A Lisburn service engineer has produced a new transistorised pig goad which, he claims, represents a marked technological advance on any other model at present on the market in the United Kingdom.
Inventor of the new goad, Mr Brian Robinson, of 18 Mandeville Avenue, Hillhall Road, told FarmWeek: “For hardiness and absolute reliability this model beats hands down anything previously produced.
“The big problem with the goads currently being used is their vulnerability to attack from corrosive agents like sweat, urine or even water.
“Indeed, I know from experience that goads at present being used by bacon factories in Northern Ireland have to be discarded after three or four weeks continuous use because of this.”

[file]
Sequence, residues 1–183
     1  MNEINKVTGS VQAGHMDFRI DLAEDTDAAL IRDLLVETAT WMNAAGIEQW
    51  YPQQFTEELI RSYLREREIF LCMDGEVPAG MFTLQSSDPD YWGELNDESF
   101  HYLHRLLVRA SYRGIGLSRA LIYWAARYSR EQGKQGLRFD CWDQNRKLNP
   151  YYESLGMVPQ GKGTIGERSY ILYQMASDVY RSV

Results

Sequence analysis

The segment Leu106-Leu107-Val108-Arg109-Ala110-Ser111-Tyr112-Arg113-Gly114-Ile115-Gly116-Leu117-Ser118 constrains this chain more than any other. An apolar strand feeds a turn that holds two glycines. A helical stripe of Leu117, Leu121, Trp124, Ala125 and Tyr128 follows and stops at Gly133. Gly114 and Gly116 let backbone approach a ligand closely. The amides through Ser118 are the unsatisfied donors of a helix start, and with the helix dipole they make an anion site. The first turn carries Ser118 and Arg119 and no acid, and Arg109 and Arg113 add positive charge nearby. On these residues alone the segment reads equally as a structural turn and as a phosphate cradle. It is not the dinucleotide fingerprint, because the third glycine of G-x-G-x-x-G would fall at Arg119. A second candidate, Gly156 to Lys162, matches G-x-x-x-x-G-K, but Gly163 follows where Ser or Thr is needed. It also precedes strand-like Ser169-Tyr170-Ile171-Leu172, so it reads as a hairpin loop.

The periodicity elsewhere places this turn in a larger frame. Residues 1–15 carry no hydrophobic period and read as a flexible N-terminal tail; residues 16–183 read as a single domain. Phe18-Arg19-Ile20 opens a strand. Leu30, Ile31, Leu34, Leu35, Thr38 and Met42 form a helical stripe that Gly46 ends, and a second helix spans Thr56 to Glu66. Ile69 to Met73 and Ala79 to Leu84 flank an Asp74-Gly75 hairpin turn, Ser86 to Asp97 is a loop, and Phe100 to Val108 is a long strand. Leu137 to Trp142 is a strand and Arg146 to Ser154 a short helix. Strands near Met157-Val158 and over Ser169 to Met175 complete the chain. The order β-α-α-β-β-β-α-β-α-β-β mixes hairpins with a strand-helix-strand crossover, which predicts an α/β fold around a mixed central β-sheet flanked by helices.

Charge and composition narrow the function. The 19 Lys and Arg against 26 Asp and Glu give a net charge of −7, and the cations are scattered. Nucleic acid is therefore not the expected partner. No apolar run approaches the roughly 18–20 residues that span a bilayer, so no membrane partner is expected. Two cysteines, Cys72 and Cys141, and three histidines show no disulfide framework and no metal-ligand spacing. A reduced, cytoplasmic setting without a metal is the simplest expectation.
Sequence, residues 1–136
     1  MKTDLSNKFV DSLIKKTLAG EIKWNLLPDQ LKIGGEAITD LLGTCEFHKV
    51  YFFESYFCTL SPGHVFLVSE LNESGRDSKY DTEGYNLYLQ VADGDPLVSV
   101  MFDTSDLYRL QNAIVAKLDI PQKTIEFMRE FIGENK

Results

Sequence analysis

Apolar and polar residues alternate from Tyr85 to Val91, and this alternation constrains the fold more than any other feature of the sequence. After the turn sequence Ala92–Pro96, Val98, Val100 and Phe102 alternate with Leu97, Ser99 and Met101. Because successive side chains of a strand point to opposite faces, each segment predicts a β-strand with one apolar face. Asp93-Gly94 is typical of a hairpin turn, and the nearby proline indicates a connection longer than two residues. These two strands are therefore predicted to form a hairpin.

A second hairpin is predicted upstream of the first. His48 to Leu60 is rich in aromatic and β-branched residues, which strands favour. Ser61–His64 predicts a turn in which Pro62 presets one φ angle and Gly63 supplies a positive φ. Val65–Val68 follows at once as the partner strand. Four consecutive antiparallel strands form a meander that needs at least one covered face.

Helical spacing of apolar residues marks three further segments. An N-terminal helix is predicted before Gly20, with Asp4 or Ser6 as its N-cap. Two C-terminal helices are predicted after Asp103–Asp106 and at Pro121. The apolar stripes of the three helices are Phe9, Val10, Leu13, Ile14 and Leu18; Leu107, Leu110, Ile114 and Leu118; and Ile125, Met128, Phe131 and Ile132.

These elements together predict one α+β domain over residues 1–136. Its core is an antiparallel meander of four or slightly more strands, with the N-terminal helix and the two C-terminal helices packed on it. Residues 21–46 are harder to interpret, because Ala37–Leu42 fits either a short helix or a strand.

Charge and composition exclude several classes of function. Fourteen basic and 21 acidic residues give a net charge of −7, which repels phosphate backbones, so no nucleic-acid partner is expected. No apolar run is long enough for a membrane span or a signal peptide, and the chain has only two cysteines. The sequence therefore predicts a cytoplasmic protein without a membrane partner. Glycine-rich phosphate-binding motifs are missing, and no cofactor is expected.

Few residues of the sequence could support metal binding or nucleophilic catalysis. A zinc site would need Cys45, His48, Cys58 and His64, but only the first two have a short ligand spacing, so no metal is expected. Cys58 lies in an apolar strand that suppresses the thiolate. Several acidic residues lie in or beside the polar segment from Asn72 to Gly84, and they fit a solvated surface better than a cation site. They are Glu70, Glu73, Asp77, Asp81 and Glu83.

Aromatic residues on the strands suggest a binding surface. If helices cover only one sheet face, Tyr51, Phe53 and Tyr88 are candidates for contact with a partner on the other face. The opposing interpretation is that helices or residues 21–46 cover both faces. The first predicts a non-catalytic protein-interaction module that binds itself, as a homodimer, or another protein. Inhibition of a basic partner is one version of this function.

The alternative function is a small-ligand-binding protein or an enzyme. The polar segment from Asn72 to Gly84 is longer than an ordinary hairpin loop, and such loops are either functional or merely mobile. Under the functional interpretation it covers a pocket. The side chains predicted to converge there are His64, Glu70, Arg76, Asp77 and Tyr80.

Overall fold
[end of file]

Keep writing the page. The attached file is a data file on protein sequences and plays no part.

Mr Robinson’s invention had the advantage of being made out of solid plastic, reinforced with glass-fibre for waterproofing and robustness.
“It is practically impossible to damage or break them in everyday use around the farm,” he pointed out.
“The model runs on two 1½ volt batteries – these could last the farmer anything up to a year – and a three months guarantee comes with each one.”
So far only a limited number of the goads have been produced but many of these are already being used by local bacon factories. Initial results have certainly been “very encouraging,” he said.
The goad produces a current of around 100 volts and this, Mr Robinson claims, is sufficient to deal with even the most obstinate pig. Cattle might, he said, require a slightly more powerful current “but it would be a fairly easy task for me to modify the goad to suit”.
A native of London, it has taken Mr Robinson some 2½ years to develop the goad but he hopes to go into organised and regular production within a short time.
The goad at present costs around £5 and can be supplied to order in the space of about a week.